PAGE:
This Mystery

reflections on theology and life

Category: Law (page 1 of 4)

The law of Christ is not a set of laws

law-books-291676_1280The fol­low­ing is adapted and expanded from a por­tion of my July 28, 2009 pre­sen­ta­tion, “I Did Not Come To Abol­ish” given at the New Covenant The­ol­ogy Think Tank in Evans, N.Y.

Despite its brief men­tion and a lack of a far-reaching or biblically-explicit con­text to sup­port the notion, there have been whole the­olo­gies and there have been whole NCT doc­trines built around a sys­tem­atic, rather than an exeget­i­cal and bib­li­cal the­ol­ogy approach to “the Law of Christ.”

Covenant The­olo­gians would typ­i­cally refer to it as iden­ti­cal to the moral law or Ten Com­mand­ments, and would con­sider as the impri­matur, “I have not come to abol­ish the Law,” full stop. Con­tinue reading


17 “Do not think that I have come to abol­ish the Law or the Prophets; I have not come to abol­ish them but to ful­fill them. 18 For truly, I say to you, until heaven and earth pass away, not an iota, not a dot, will pass from the Law until all is accom­plished. (ESV)

Schreiner on the law of Christ

There are some on the edges of New Covenant The­ol­ogy who wish to make the law of Christ into a new cod­i­fied law, which may make log­i­cal sense from a sys­tem­atic approach, but which goes beyond the con­text of the phrase in .

Thomas Schreiner points to lov­ing one another as the iden­tity of the law of Christ:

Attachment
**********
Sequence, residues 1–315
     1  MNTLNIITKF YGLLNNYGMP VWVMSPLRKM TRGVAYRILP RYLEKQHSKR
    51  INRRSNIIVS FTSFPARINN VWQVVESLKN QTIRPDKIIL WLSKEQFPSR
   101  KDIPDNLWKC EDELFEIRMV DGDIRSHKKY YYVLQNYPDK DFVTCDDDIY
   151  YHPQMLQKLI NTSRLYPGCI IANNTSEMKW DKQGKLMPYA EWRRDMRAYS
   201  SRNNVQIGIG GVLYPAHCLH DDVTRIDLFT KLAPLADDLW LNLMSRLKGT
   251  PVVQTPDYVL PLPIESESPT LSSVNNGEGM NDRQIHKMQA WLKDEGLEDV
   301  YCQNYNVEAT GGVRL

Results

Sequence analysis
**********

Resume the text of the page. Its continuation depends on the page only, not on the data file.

It seems most promis­ing to iden­tify the law of Christ with the admo­ni­tion to love one another (), for there is a clear link between and 6:2. The Old Tes­ta­ment law “is ful­filled” (peplērō­tai) in the injunc­tion to love one’s neigh­bor as one­self ( in ). And the law of Christ “is ful­filled” (anaplērōsete) when believ­ers ful­fill one another’s bur­dens (). If we carry the bur­dens of other believ­ers, we show our love for them. Sac­ri­fi­cial love for fel­low believ­ers, then, ful­fills the Old Tes­ta­ment law and the law of Christ. Such a read­ing fits with –10, where the Old Tes­ta­ment law is cap­sulized in the admo­ni­tion to love one another. We also could say that Christ’s life, and the sac­ri­fice of his life in his death, exem­pli­fies to the utter­most the law of Christ. That is, Christ’s life and death are the par­a­digm, exem­pli­fi­ca­tion, and expla­na­tion of love. How­ever, –10 guards us from over­sim­pli­fy­ing the nature of Christ’s law, for love is expressed when believ­ers ful­fill moral norms. The law of Christ is exem­pli­fied by a life of love, but such love is expressed in a life of virtue.

Schreiner, Thomas R. 40 Ques­tions About Chris­tians and Bib­li­cal Law (40 Ques­tions & Answers Series). Ed. Ben­jamin L. Merkle. Grand Rapids, MI: Kregel Aca­d­e­mic & Pro­fes­sional, 2010. Print. 40 Ques­tions Series.

 


Bear one another’s bur­dens, and so ful­fill the law of Christ. (ESV)


14 For the whole law is ful­filled in one word: “You shall love your neigh­bor as your­self.” (ESV)


18 You shall not take vengeance or bear a grudge against the sons of your own peo­ple, but you shall love your neigh­bor as your­self: I am the Lord. (ESV)


Bear one another’s bur­dens, and so ful­fill the law of Christ. (ESV)